Burning ambition 07 December 2011

As fuel costs continue to rise and the Euro 6 emissions regulations draw ever nearer, injection system and engine designers are rising to the challenge. Brian Tinham reports

Among the most obvious developments on heavy duty diesel engines in recent years has been the emergence of common rail diesel injection systems, bringing all the benefits long since accepted in the automotive sector, but with way higher numbers. Injection pressures openly discussed today are in the 2,500 bar region for trucks, and some even talk of 3,000 bar. Each of the main system developers (independents and truck OEMs) is also claiming multiple injection capabilities, with most citing at least five injections per cycle and some many more – all under software control.

Fundamentally, common rail offers the advantage of separating the former dependence of injection pressure on cam timing and hence engine revs – so significantly improving engine performance in the lower range. But that's not all: behind the scenes, a mix of technologies is being brought to bear, to meet the dictates of the Euro 6 emissions regulations, without pricing trucking out of the market.

Chris Such, chief engineer at Ricardo, responsible for heavy-duty engine development at the firm's Shoreham Technical Centre, agrees that common rail is one of the critical enablers, citing Bosch, Delphi and Denso as leading developers.

"Benefits from common rail include faster heat release inside the cylinder. That comes from the higher pressure, fine spray of fuel injected through smaller, tighter tolerance nozzles, which also results in extremely low soot emissions," explains Such. "In turn, this has the advantage of lower soot loading on the downstream DPF [diesel particulate filter], meaning potentially a smaller, lighter unit, while also reducing the energy required for regeneration. There's still some way to go on this and we're currently exploring some of the options."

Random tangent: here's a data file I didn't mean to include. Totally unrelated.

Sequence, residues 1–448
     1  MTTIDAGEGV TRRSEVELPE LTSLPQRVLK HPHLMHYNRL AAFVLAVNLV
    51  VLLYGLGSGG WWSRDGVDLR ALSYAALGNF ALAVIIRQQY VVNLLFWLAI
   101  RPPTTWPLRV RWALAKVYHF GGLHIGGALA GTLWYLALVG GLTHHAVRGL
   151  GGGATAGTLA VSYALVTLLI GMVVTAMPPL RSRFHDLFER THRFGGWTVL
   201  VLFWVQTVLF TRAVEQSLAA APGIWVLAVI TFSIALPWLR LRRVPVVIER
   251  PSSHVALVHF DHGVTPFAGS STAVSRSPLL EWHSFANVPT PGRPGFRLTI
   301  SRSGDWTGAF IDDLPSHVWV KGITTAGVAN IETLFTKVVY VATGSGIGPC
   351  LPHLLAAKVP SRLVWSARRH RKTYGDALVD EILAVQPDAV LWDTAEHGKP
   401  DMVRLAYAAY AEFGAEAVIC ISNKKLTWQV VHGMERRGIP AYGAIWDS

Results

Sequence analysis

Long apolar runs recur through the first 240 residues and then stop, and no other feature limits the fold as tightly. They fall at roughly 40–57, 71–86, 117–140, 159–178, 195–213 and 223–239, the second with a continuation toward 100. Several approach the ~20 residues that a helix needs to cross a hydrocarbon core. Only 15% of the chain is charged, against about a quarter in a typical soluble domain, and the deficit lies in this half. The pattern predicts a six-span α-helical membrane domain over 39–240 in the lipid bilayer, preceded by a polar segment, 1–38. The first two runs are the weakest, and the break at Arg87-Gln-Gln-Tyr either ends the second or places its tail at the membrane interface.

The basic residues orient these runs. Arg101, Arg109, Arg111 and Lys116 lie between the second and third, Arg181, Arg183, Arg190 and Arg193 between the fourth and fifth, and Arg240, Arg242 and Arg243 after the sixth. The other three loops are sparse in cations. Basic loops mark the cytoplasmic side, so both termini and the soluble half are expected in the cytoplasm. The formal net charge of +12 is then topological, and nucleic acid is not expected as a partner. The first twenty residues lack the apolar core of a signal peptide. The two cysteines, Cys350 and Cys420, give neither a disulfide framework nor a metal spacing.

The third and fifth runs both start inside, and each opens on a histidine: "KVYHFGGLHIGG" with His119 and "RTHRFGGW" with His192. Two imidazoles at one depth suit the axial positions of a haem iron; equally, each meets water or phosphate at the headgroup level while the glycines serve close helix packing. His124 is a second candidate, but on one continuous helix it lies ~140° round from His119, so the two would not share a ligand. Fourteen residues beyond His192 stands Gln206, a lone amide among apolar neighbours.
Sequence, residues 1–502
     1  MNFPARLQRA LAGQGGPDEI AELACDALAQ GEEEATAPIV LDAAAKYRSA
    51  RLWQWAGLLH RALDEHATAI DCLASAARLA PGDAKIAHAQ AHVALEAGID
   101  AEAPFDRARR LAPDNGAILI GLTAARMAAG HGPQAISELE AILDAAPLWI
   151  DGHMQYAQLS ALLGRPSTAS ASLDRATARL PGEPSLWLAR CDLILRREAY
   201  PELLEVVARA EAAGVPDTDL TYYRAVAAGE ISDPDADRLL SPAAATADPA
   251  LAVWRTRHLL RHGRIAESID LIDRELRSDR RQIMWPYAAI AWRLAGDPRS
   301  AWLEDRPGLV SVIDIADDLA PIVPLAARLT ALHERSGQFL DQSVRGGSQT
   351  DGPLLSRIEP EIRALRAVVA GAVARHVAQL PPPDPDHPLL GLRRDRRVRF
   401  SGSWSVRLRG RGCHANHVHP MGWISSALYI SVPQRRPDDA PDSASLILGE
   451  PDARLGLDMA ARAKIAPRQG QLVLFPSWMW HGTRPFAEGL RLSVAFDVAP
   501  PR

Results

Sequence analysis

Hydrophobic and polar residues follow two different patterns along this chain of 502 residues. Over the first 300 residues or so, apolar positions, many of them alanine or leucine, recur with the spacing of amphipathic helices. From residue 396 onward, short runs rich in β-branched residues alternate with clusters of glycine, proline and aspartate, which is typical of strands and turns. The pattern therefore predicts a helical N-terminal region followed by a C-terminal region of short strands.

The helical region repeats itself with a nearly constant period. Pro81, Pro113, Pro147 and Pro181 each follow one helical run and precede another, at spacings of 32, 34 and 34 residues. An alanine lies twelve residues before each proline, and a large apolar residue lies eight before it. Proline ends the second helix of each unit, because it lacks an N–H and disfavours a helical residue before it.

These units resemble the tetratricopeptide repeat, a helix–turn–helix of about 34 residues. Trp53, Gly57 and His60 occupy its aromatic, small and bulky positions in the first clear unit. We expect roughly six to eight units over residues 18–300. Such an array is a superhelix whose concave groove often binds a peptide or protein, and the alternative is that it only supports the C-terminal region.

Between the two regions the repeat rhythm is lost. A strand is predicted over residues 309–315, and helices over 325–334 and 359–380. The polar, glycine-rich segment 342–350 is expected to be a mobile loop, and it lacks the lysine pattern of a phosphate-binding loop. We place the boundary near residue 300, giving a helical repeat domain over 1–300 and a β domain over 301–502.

And there's more: "You can also gain the benefit of very precise fuel metering, so the system only pumps to match the engine ECU demand, rather than recirculating fuel back to the low pressure side," explains Andy Noble, Ricardo's project director for heavy-duty engines. "That means energy losses don't rise in line with the higher pressure, but arguably fall, certainly compared to the hundreds of thousands of trucks running early common rail systems."

It's a similar story with SCR (selective catalytic reduction) after-treatment systems, with the most notable improvements coming in the form of increased catalyst efficiencies, not least through improvements in precise exhaust temperature management. That development is best illustrated by Iveco's recent unveiling (with FPT Industrial (Transport Engineer July 2011)) of the first Euro 6 compliant engines without the hitherto essential EGR (exhaust gas recirculation) pathway. "Iveco appears to have achieved an SCR efficiency of 96% over the test cycle, which is remarkable," comments Such. And he adds: "With that capability, there is also scope for the combustion system to be optimised for lower CO2 emissions, which means reduced fuel consumption."

Iveco is not alone in improving the effectiveness of SCR, at least in part by focusing on exhaust temperature management. Scania's Euro 6 developments, building on its advanced Euro 5 engine designs, include an intake throttle – mounted between the charge cooler and the intake manifold, downstream of the turbo compressor and the intercooler – which is used in tandem with the exhaust brake to optimise temperatures reaching the exhaust after treatment.

Returning to the injection systems, though, opinion is divided as to quite how far engine designers need to go with multiple injections. Ricardo's Such makes the point that, while developers talk of anything from five to 17 pre- and post-injections, calibrating and optimising more than five is likely to lead to diminishing returns. That said, he agrees that there is considerable and proven scope for improving heat release – essentially as a result of better fuel-air mixing in the cylinder – as well as increasing exhaust temperature to improve performance of the SCR phase while also reducing soot emissions.